Weekly Law Resume - October 2013: Torts – Public Entities - Immunity For Natural Conditions


Meddock v. County of Yolo
California Third District Court of Appeal (October 4, 2013)

There are certain sections of the Government Code that provide immunities to public entities as a matter of public policy. This case considered the extent of immunity for natural conditions under Government Code § 831.2

On March 21, 2009, plaintiff Dwight Meddock was on a paved parking lot in a park along the Sacramento River. He was there to go boating. Trees lined the river. Many of those trees leaned away from the river and over the parking lot, and some of the trees were diseased.

While in the parking lot, one of the diseased trees fell on him.

Meddock sued the County of Yolo for personal injuries. In its Answer to the Complaint, the County pled Section 831.2 as an affirmative defense. The provision states, in full: “[n]either a public entity nor a public employee is liable for an injury caused by a natural condition of any unimproved public property, including but not limited to any natural condition of any lake, stream, bay river or beach.”

The County moved for summary judgment based on Section 831.2, and the trial court granted it. Meddock appealed.

The Court’s ruling turned upon the meaning of Section 831.2. Meddock argued that for the immunity to apply, the injury must also occur on unimproved property. Because his injury occurred on improved property (the paved parking lot) Meddock argued that Section 831.2 was inapplicable.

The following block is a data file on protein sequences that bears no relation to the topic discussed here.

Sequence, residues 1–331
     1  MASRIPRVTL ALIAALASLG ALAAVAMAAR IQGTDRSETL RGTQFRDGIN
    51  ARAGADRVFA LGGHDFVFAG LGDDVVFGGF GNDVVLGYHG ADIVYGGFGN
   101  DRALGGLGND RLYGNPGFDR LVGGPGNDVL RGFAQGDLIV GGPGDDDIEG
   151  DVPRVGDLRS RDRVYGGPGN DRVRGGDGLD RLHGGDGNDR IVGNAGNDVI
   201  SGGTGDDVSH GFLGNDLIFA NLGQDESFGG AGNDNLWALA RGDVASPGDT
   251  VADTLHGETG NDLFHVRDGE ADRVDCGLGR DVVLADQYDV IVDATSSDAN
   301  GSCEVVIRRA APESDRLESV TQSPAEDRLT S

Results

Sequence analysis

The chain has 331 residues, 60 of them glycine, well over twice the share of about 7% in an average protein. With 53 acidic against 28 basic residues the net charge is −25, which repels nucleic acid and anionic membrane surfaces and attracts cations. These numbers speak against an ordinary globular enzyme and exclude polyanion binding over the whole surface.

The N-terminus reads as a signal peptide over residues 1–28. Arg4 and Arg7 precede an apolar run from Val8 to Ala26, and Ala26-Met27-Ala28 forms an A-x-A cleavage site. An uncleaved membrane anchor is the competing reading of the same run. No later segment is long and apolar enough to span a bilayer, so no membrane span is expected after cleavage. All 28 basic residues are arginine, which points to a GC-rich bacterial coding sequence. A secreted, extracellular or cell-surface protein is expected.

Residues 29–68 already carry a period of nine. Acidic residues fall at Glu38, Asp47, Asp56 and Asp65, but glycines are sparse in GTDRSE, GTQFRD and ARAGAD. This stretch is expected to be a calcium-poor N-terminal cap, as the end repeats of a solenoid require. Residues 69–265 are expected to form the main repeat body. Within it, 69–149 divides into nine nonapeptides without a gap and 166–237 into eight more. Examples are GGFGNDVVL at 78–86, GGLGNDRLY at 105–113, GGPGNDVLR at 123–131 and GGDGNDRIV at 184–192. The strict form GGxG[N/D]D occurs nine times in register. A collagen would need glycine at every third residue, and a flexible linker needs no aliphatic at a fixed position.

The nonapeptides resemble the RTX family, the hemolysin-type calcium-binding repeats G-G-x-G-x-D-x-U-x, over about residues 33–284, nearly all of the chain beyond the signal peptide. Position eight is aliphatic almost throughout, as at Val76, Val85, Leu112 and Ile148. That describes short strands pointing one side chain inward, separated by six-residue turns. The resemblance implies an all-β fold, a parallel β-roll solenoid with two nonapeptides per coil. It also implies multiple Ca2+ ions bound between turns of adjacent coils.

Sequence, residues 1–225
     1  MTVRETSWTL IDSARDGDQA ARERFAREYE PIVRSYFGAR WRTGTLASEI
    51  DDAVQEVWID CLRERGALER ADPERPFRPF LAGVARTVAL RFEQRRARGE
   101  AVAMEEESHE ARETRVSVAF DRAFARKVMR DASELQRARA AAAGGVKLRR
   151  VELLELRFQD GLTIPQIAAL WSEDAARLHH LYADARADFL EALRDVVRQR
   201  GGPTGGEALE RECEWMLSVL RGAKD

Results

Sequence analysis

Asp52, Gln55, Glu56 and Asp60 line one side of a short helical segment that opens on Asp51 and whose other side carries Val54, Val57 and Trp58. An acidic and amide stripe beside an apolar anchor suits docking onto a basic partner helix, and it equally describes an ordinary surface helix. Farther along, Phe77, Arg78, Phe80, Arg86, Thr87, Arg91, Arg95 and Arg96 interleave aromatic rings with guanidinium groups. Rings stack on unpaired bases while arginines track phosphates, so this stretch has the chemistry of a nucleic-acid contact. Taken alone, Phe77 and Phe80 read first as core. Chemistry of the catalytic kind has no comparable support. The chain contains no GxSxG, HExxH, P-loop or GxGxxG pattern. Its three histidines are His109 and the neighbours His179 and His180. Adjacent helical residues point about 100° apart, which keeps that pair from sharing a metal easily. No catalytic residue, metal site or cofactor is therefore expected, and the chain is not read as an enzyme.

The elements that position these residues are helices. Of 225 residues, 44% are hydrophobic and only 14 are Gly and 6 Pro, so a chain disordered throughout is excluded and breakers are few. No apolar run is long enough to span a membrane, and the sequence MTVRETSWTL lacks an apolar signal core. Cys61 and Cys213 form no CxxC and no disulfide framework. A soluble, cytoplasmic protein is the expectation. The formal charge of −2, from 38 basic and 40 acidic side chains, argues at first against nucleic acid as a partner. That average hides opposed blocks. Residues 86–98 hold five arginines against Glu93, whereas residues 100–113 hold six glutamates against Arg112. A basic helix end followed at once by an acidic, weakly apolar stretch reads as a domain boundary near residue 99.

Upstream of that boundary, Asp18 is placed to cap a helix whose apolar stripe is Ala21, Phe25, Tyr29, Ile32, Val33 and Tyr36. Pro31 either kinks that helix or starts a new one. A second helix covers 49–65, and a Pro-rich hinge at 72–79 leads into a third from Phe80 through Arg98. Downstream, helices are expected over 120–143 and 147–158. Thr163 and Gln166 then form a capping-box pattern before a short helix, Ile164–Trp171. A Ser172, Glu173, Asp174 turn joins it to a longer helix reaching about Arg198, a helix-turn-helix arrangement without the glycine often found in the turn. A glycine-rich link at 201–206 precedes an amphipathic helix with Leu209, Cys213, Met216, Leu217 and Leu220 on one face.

The Third District Court of Appeal firmly rejected this argument. “Because Meddock’s injuries were caused by decaying trees located on unimproved property, the County is immune from liability.” In reaching this conclusion, the appellate court meticulously reviewed (1) the rules for statutory construction; (2) the history of Section 831.2 immunity; (3) appellate and Supreme Court precedent; and (4) the public policy for public land-related immunities. All supported the Court’s ruling


When a provision contains straightforward language -- such as “an injury caused by a natural condition” -- a party cannot read his/her own meaning into it. The opinion also affirms the scope of Section 831.2 immunity. As long as the injury is caused by a natural condition of unimproved property, regardless of where the injury occurs, immunity will apply.

For a copy of the complete decision see:


DISCLAIMER: Because of the generality of this update, the information provided herein may not be applicable in all situations and should not be acted upon without specific legal advice based on particular situations.

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